An advisory panel of developers, architects, business leaders, and other land-use experts has proposed turning Houston’s decrepit Astrodome, which has been vacant since 2008, into a multipurpose park and civic, programmable space for festivals, concerts, and exhibits.
This is the latest in a series of proposals that, over the past few years, have been floated and, to this point, rejected. They have included converting the Astrodome into a luxury hotel and a movie studio.
In November 2013, voters turned down a $213 million referendum to renovate the building into a convention center and exhibition space. A month later, the Astrodome’s three exterior pedestrian ramp towers were torn down. The National Trust for Historic Preservation has listed the Astrodome among the 11 most endangered historic places.
But the city’s council has rejected the Astrodome’s outright demolition until its final disposition is determined, and because the council fears razing a structure this large could cause damage to the surrounding development.
Houston's city council has rejected the Astrodome’s outright demolition until its final disposition is determined, and because the council fears razing a structure this large could cause damage to the surrounding development.
The one-million-sf, spaceship-shaped building was the world’s first multipurpose domed sports stadium. It is now called NRG Astrodome, and is part of the 350-acre NRG Park complex in Harris County, Texas, which includes a stadium with a retractable roof where the National Football League’s Houston Texans franchise plays, and an arena wherre the popular Houston Livestock Show and Rodeo is held. NRG Park is also near Texas Medical Center, the world’s largest.
Last December, the county and the National Trust for Historic Preservation turned to Urban Land Institute to provide strategic advice. (Harris County’s Sports and Convention Corporation had chimed in, too, suggesting the space be used as a public park.) ULI sent a 10-person Advisory Services Panel, chaired by Los Angeles developer Wayne Ratkovich, to visit the Astrodome for three days. That panel came up with a series of recommendations, which ULI released on March 24.
The panel acknowledges that the Astrodome was now “a shadow of its former self.” But it also refers to the building as an “icon,” whose place in history should be part of any renovation plan. A “new vision” for the stadium, the panel states, could include a museum or educational exhibits that focus on science, technology, engineering, the arts, and math.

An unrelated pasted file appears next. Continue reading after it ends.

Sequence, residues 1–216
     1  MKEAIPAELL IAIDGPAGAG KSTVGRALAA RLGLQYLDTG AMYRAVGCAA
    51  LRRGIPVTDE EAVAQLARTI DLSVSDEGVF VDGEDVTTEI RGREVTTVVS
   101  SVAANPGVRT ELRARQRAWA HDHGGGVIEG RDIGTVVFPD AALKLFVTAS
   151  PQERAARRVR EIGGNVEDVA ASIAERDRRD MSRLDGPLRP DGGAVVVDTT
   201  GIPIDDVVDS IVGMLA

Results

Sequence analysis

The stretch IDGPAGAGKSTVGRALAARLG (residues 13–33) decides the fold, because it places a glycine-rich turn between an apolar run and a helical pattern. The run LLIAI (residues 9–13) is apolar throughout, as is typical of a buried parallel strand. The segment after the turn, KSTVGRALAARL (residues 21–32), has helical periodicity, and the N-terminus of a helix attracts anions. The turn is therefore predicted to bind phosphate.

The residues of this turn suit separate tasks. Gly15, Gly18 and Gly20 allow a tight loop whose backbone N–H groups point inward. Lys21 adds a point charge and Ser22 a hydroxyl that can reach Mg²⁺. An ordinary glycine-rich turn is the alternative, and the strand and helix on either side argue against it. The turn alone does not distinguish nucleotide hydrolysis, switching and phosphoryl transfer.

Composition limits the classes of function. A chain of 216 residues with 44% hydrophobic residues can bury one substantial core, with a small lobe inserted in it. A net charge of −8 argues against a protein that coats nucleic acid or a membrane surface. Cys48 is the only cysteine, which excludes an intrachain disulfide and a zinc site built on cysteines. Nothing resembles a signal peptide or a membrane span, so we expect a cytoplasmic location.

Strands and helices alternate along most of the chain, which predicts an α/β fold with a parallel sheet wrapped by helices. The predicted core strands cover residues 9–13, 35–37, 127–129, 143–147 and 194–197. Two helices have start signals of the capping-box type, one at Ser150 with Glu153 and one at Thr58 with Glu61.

The panel’s report lays out a detailed renovation strategy:
• 1,500 parking spaces would be added to the 26,000 slots that already surround the building. That parking would be located in the building’s Levels 1 and 2, with the lower level having 20-foot-high clearance.
• Level 3, which currently consists of vast open space and seating trays, would be converted into a new ground-floor multi-use space that, ULI suggests, could include a public park.
• Levels 4 through 8 would be converted to new programmable areas, such as exhibits “to extend the game-day experience for the Houston Texas, new spaces for [the rodeo] and added space for the Offshore Technology Conference. (One of the key goals of ULI’s plan is to lure the rodeo event back into the Astrodome. The rodeo relocated in 2003.) These programmable spaces could also be used for community festivals, farmers markets, movie nights, charity events and other functions that might also provide new revenue streams.
The panel envisions 450,000 sf of leasable space within the Astrodome’s perimeter, which could accommodate restaurants, retail, and other tenants.
Other recommendations include a complete rehab of the building’s dome, and the creation of new outdoor public space or a live oak allée as a promenade between the light-rail station and the Astrodome’s east entrance. Along that allée there would be permanent outdoor pavilions. The building’s outside area would be upgraded with hardscape and landscape features.
The construction cost for this project, estimates the panel, would be around $242.45 million. (The Astrodome opened in 1965 at a cost of $35 million in taxpayer money.) The panel recommends that new capital streams to pay for this construction would need to be explored, including federal, state, county, and city funds; tax increment reinvestment zones; historic tax credits; Harris County redevelopment; and philanthropy.
To get all moving forward, the panel says the county should assign a project “czar,” as well as identify and empower an NRG Park “champion,” perhaps from the ranks of business or not-for-profit organizations.
Independent marketing and design consultants would need to be hired, and after a plan is conceived, it should be submitted to public scrutiny, says the panel.
The goal would be to complete this plan and break ground on the renovation before the 2017 Super Bowl, so that it could be advertised during the event. The panel expects the renovation to take a year or two to complete, and foresees “future public/private project opportunities”—including hotel, mixed-use, and retail development—in the years 2020-2025.
In its report, the panel says Harris County and its residents are at “an intersection of a series of choices: to act rather than procrastinate, to demand quality rather than settle on mediocrity, to create a common interest rather than simply protect self interests, [and] to [either] protect the status quo or reach for the future.”